YANGON — A work coordination meeting on the nomination of Mrauk-U to the UNESCO World Heritage List scheduled to be held from Jan. 26–27 was postponed following last week’s protest in the old Arakanese capital.
On Tuesday, hundreds of Mrauk-U residents took to the streets to protest the government’s ban on celebrating the 233rd anniversary of the fall of the Rakhine Dynasty. The government said it had banned the annual event because the venue was a former palace that had been listed as a national heritage site.
Seven residents were killed and 12 others were injured during the police crackdown on protestors.
“We sent invitations to the meeting. But, it is now difficult to come to the town because of security concerns. The meeting will likely be held in Yangon instead, but that has not yet been officially confirmed,” said Daw Khin Than, chairwoman of the Mrauk-U cultural heritage conservation group.
The Union culture minister, the Chinese and Italian ambassadors to Myanmar, Arakanese historians, and members of UNESCO were set to attend the meeting to discuss the progress of preparations and future plans for nomination.
The draft nomination to include Mrauk-U as a World Heritage Site is set to be submitted in September with the final submission to be delivered by January 2019, according to Daw Khin Than.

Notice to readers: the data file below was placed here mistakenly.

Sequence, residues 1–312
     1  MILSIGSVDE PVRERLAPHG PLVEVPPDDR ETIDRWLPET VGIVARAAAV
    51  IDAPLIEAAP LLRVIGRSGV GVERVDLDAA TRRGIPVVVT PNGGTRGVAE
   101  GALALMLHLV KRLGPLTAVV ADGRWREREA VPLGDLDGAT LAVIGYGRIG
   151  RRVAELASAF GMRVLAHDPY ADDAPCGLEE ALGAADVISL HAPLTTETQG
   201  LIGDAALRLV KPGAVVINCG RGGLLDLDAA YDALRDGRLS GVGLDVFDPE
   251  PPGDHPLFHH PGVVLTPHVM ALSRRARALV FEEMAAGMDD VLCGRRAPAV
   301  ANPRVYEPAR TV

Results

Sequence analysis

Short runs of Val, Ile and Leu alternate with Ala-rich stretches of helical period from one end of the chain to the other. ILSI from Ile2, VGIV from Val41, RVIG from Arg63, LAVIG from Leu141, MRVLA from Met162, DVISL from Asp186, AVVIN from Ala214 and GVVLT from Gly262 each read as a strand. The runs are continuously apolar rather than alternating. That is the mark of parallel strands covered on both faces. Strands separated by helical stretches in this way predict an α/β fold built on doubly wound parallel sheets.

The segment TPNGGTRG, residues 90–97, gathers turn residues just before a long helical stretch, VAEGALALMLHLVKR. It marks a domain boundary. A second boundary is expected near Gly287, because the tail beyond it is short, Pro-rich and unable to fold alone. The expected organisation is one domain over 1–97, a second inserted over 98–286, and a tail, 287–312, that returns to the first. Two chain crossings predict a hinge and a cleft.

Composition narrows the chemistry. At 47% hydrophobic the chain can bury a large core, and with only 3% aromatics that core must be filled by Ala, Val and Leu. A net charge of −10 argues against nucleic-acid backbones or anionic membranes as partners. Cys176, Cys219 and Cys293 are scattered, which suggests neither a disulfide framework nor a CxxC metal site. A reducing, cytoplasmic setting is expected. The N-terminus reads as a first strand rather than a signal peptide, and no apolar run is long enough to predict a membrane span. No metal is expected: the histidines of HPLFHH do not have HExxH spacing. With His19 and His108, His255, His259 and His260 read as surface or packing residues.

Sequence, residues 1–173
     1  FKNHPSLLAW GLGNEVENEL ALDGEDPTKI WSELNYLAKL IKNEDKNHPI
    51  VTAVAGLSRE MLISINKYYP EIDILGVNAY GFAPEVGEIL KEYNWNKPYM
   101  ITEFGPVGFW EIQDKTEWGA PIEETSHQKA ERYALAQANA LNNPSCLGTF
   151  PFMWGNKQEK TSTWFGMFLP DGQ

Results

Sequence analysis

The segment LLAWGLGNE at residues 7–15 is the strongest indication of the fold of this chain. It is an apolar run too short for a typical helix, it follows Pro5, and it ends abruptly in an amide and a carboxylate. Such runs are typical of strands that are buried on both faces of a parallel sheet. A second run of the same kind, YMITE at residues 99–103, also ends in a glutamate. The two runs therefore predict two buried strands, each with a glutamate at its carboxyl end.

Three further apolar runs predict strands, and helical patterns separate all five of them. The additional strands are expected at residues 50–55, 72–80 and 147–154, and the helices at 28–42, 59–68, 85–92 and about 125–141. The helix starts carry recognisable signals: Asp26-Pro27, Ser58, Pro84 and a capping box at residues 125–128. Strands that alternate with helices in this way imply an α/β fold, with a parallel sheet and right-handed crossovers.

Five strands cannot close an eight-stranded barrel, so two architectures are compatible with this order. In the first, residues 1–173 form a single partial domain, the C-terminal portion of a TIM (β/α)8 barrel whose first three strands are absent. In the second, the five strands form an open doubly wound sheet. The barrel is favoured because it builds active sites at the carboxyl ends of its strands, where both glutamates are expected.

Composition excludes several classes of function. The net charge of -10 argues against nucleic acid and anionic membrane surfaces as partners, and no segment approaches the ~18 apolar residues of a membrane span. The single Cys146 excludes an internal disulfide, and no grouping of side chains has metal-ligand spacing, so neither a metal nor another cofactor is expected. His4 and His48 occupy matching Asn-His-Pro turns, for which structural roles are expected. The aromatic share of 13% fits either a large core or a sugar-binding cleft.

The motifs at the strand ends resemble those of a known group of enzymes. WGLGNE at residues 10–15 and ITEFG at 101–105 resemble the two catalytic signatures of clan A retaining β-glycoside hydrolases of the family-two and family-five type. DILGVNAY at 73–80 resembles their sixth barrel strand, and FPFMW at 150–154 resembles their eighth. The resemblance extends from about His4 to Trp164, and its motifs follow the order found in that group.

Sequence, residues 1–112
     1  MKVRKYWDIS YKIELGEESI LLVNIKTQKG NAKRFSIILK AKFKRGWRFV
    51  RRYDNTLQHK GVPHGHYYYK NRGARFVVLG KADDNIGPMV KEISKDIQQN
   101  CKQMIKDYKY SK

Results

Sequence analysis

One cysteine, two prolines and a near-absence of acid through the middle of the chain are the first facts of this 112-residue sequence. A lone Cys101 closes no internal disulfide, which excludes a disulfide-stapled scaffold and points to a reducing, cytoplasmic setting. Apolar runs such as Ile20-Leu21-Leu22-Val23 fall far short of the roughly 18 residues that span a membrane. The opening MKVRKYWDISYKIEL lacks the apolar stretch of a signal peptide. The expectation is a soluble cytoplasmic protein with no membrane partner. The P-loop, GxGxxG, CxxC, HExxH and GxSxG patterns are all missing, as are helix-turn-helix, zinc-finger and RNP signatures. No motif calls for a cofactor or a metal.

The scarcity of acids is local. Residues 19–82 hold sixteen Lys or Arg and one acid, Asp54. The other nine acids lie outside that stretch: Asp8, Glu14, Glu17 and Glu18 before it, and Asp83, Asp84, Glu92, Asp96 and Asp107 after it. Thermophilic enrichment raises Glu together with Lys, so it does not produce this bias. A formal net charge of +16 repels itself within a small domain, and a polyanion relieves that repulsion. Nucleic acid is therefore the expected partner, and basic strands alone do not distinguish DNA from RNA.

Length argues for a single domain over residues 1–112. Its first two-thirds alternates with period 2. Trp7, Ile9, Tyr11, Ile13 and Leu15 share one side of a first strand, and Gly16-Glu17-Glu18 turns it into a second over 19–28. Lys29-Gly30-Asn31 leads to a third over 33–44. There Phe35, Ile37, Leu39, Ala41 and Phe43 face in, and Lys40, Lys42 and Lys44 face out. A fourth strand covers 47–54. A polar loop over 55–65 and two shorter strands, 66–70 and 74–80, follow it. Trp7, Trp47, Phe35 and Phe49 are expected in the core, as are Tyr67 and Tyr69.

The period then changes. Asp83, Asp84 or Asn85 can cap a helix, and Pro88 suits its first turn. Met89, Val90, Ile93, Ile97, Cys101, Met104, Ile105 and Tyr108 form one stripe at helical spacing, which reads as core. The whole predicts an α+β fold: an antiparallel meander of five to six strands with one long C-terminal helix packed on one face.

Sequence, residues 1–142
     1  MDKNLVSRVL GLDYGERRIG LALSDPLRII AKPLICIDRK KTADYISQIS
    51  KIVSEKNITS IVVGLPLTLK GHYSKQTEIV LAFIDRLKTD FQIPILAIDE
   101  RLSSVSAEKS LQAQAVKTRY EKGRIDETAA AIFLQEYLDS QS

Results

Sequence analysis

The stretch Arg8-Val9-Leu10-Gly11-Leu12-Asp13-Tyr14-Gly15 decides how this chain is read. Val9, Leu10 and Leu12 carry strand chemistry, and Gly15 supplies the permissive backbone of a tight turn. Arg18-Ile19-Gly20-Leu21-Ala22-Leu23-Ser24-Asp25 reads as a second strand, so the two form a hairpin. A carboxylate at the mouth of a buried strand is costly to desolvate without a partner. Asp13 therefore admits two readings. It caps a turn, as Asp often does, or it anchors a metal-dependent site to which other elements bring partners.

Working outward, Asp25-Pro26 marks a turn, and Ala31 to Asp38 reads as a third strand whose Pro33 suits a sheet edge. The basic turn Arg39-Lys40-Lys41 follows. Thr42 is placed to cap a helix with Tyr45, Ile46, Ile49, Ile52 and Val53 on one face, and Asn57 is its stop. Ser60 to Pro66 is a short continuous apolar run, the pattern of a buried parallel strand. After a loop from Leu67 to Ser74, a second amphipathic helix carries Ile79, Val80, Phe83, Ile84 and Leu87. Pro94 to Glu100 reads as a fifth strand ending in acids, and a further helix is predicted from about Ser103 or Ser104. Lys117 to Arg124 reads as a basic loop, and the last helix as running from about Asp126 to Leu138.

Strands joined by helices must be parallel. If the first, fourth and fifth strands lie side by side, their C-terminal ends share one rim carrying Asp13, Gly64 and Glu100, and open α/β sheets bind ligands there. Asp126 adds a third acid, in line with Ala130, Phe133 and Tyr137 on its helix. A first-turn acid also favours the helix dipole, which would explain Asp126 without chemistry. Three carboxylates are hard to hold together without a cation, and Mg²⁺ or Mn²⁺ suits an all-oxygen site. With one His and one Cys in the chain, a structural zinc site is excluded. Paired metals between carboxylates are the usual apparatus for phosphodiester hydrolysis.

The archaeology department under the culture ministry has formed 14 sub-committees to help prepare the nomination.
“I personally feel that the image of Mrauk-U is severely damaged [by the incident]. We have been trying to enhance its image to get UNESCO’s recognition. While we are trying every means to make the world know Mrauk-U and there is certain progress toward this end, this incident has exerted serious impact,” she said.
She believes that the inscription of Mrauk-U on the UNESCO World Heritage List will help solve the sectarian divide in Rakhine State to a certain extent.
UNESCO officials started their survey of the old Arakanese capital in February last year.
Mrauk-U is located on the Kaladan River in northern Rakhine State, some 60 kilometers inland from the state capital Sittwe.
From the 15th century to the late 1800s, Mrauk-U was the seat of Arakanese kings, who at the height of their power controlled an area covering large parts of eastern Bengal, modern-day Rakhine State and the western part of Lower Myanmar.
Much of the city’s remains are well preserved and some 380 historic temples are scattered between the lush hills of northern Rakhine. Internal violence between Arakanese Buddhists and Rohingya Muslims that erupted in mid-2012 has driven down tourist numbers to the area.
Translated from Burmese by Thet Ko Ko.